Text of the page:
I recommend a book called City Farmer: Adventures in Urban Food Growing, by Lorraine Johnson. The hunger drama being played out here in Hazelwood, in which people of all income levels suffer for lack of healthy food (not knowing about nutrition and food growing), is being played out all over North America, and all over the world for that matter. This book chronicles radical efforts – from guerrilla gardeners planting places they don’t own to edible weed activists opening peoples’ eyes about unrecognized healthy food growing all around us – to regenerate our tattered web of life.

Rather than reacting to higher food prices in fear by being ever more cutthroat in dealing with our neighbors and environment, the only successful way to make healthy food accessible for all is for all the different kinds of people to try to be good neighbors to all the other living things – plants and animals and microbes – which are the source of our food.

The attitude of taking from other people and nature without giving has got to stop – or else.

• Friday, April 27th, 2012

Taxi sharing mobile appSource: Digital Journal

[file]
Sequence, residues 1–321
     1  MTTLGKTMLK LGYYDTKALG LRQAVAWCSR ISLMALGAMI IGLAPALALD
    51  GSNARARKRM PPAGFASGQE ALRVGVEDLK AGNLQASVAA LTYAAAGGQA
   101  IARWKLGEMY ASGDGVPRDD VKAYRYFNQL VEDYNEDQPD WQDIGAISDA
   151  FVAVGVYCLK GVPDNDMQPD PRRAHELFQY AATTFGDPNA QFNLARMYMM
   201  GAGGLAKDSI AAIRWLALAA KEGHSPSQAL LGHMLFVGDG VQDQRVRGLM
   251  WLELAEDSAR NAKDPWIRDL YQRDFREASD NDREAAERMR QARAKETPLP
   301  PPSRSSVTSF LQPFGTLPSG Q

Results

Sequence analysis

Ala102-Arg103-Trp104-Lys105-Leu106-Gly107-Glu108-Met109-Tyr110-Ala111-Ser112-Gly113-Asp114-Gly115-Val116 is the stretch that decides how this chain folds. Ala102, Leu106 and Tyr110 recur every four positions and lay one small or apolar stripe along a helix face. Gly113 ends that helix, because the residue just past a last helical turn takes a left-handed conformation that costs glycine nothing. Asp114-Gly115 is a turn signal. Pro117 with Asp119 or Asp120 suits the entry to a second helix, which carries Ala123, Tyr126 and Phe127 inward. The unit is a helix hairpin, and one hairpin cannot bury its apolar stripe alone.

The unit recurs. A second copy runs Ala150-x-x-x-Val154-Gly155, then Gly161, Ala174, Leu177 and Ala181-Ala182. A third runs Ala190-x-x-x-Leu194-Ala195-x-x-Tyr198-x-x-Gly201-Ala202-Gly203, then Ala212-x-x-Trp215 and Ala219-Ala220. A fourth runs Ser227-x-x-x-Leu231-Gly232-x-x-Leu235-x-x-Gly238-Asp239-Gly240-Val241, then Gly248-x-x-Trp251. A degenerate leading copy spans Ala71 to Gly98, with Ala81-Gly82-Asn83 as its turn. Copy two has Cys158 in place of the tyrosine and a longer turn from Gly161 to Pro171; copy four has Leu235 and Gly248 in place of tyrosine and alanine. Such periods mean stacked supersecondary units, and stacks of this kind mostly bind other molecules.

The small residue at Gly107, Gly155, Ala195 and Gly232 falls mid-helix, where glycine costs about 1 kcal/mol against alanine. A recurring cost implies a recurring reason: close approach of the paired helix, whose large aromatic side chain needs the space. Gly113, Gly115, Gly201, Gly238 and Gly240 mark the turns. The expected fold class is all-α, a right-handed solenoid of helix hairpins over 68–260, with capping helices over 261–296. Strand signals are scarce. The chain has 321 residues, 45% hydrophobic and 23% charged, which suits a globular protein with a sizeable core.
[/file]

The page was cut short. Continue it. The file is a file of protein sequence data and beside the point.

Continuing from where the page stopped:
The taxi-sharing service will be known as Tous les Jours (tjrs.org) in French and Every Day (everyd.org) in English and will be accessible from a web platform and on smartphones. Essentially, depending on the specific departure and arrival points, users will be able to travel with one, two or even three other taxi service users.

The goal of this matching system is therefore to compete with solo car commuting. The ultimate goal of the project is to reduce the environmental impact of the trips people take, improve public health and help users cut down on their travel costs.

• Monday, June 06th, 2011

sharing agreementsSharing is an easy way to improve one’s feelings of well-being without needing a lot of money. However, most people have resistance to sharing due to basic trust issues.  Will the person return my item? Will they take care of it? Enter this very practical book from NOLO press in Berkeley to help facilitate sharing and live a better life by pooling community resources.

Source: Amazon

And as the yellow sun faded from the sky, someone would get the extension cords, others would bring out the chairs from their homes as a couple men would bring out a television and fifteen or twenty people would sit outside in the evening’s heat and watch. These people were poor. Sharing was a way of life for them. And you know, they seemed happy.

In the Sharing Solution, you’ll learn that sharing is work. There is a certain amount of trust required and sometimes agreements need to be drawn up. But you will save money, however even if saving money isn’t your goal, you’ll make friends and we can never have enough of those.